As President Trump signed the National Defense Authorization Act Friday night, a 40-year battle to repeal the military “widow’s tax” came to an end.
Surviving families joined forces with advocates and lawmakers to pass nonpartisan legislation, with Congress putting actions in front of words and dollars in the hands of those who paid the ultimate price. The “widow’s tax” was a longstanding policy oversight that affected over 65,000 military survivors. When a service member dies while on active duty or from a military-related illness their families may be eligible for both the Survivor Benefit Plan (SBP) & Dependency and Indemnity Compensation (DIC). Because of concurrent receipt laws (provisions to avoid double-dipping in government benefits), for every dollar paid out via the DIC, one dollar was deducted or “offset” from the SBP insurance payment. This offset cost families roughly $11,000 annually. Not only have these families lived through the nightmare of losing a spouse or loved one, they have had to fight to stay afloat both emotionally and financially.
In 2013, Gold Star widow Kathy Prout started the Military Widows: SBP-DIC Offset Facebook Group as a way for survivors to share their concerns about the offset and related legislation. What began with six members grew to over 2,000 today.
“With privacy laws you can’t find anybody. You can’t find another widow unless somebody says ‘I know somebody,’” Prout said. Over time — and with the power of social media — this group grew in number and purpose.
Prout, who is a teacher, used lesson plans to create a plan of the week with assignments to call representatives who were on the fence.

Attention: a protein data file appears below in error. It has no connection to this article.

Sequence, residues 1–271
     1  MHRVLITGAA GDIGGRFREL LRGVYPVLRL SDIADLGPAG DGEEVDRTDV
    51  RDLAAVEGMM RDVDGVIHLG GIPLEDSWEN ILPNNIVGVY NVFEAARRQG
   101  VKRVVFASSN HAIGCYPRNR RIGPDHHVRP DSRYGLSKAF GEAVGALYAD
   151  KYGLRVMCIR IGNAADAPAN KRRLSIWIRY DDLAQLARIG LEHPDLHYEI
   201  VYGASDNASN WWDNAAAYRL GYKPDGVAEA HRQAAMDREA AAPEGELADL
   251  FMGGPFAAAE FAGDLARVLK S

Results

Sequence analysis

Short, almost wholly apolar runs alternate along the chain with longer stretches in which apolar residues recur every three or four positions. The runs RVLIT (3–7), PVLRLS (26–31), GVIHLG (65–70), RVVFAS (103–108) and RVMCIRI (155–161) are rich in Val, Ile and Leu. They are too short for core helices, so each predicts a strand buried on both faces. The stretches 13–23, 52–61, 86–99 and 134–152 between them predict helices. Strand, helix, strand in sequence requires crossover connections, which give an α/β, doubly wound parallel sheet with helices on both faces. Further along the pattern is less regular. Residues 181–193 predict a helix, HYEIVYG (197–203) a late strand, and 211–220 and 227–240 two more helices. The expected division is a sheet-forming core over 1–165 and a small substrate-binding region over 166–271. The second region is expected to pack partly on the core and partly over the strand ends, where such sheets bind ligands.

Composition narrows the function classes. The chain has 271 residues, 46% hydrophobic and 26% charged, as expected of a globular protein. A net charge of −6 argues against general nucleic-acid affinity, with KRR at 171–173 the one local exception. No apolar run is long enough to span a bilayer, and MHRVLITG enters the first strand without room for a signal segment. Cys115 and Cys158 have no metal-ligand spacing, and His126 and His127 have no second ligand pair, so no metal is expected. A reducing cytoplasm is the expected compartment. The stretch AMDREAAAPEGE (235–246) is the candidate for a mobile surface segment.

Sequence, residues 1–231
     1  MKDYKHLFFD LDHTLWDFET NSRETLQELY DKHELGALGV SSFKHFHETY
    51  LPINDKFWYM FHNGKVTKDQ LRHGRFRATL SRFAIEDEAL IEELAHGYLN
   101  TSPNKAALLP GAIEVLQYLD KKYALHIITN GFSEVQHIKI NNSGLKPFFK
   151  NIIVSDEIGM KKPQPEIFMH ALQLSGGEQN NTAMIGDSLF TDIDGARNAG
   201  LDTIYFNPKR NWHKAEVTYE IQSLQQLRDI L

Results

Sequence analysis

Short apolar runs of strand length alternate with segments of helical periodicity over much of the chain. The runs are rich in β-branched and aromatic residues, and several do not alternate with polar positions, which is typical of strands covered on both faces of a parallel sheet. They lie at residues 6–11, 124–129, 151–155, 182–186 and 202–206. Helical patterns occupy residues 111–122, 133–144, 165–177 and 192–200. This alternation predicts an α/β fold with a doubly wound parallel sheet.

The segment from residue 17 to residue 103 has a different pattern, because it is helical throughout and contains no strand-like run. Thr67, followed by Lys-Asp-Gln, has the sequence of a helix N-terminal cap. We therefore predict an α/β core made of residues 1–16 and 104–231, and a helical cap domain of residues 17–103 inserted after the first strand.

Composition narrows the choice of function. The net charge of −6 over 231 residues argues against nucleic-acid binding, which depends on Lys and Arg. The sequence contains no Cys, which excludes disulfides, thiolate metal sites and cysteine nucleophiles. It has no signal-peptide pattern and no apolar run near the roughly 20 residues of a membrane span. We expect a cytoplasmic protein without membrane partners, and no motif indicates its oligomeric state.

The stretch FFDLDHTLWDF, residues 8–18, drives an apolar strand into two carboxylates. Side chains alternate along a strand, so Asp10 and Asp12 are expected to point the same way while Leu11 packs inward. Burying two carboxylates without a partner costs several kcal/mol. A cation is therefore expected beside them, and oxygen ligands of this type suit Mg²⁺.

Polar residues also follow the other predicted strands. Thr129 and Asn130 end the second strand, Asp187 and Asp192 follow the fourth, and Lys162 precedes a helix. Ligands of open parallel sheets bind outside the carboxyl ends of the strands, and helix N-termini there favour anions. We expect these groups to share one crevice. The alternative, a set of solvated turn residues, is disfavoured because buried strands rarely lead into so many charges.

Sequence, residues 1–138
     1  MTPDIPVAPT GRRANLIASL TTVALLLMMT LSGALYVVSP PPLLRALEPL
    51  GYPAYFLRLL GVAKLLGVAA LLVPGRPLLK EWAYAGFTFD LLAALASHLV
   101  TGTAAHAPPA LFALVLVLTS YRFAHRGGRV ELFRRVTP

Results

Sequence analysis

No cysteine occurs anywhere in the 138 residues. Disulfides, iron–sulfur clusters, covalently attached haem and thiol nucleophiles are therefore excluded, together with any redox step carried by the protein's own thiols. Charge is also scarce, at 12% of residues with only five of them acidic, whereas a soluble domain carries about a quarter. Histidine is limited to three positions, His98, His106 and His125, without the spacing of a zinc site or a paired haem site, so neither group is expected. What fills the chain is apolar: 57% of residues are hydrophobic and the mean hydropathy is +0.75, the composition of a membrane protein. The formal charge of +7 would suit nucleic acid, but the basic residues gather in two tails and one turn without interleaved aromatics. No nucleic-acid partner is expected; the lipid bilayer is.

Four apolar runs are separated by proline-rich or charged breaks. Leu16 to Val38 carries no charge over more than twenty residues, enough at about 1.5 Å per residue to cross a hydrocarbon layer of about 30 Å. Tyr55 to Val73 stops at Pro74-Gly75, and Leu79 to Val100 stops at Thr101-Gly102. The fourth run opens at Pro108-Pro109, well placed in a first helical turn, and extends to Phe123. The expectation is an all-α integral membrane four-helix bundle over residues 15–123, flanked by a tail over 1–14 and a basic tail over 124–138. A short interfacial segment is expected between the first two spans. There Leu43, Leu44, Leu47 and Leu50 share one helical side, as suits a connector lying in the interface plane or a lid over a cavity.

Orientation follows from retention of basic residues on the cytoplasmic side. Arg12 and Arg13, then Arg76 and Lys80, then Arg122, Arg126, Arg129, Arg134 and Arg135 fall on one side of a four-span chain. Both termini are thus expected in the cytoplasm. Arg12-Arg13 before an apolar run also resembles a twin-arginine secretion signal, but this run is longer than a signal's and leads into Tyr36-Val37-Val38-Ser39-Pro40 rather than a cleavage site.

“Everybody in the [Facebook] group was responsible for calling their own congressmen and senators weekly to remind them about the issue and to keep this on the front burner,” she explained.
One key focus of their effort was coupling consistency with kindness. When cosponsors signed on to support the repeal of the offset, she instructed members to write thank you letters. No one was to be shamed for not signing. Instead, they were to be educated. They didn’t take out frustrations on congressional staffers, who they now knew by name. They helped make supporting their cause easier.
“We provided all the information. Staffers have too many issues [to research] … there is no time in the day,” Prout said.
By speaking the language of government in addition to telling their own authentic stories these survivors became an unstoppable force.
As intentional as surviving families were, they needed an advocate, someone to champion their cause. While there were many supporters, Senator Doug Jones, D-Ala. made passing this legislation a main priority. According to Jones, including the repeal of the offset in the 2020 National Defense Authorization Act (NDAA) demonstrates “our commitment to our veterans, our military service members and their families because they are the ones making the sacrifices for us. We have got to do more than just give this lip service and talk about the support for our military and throw money at modernizing our military. This is for families. This is for human beings.”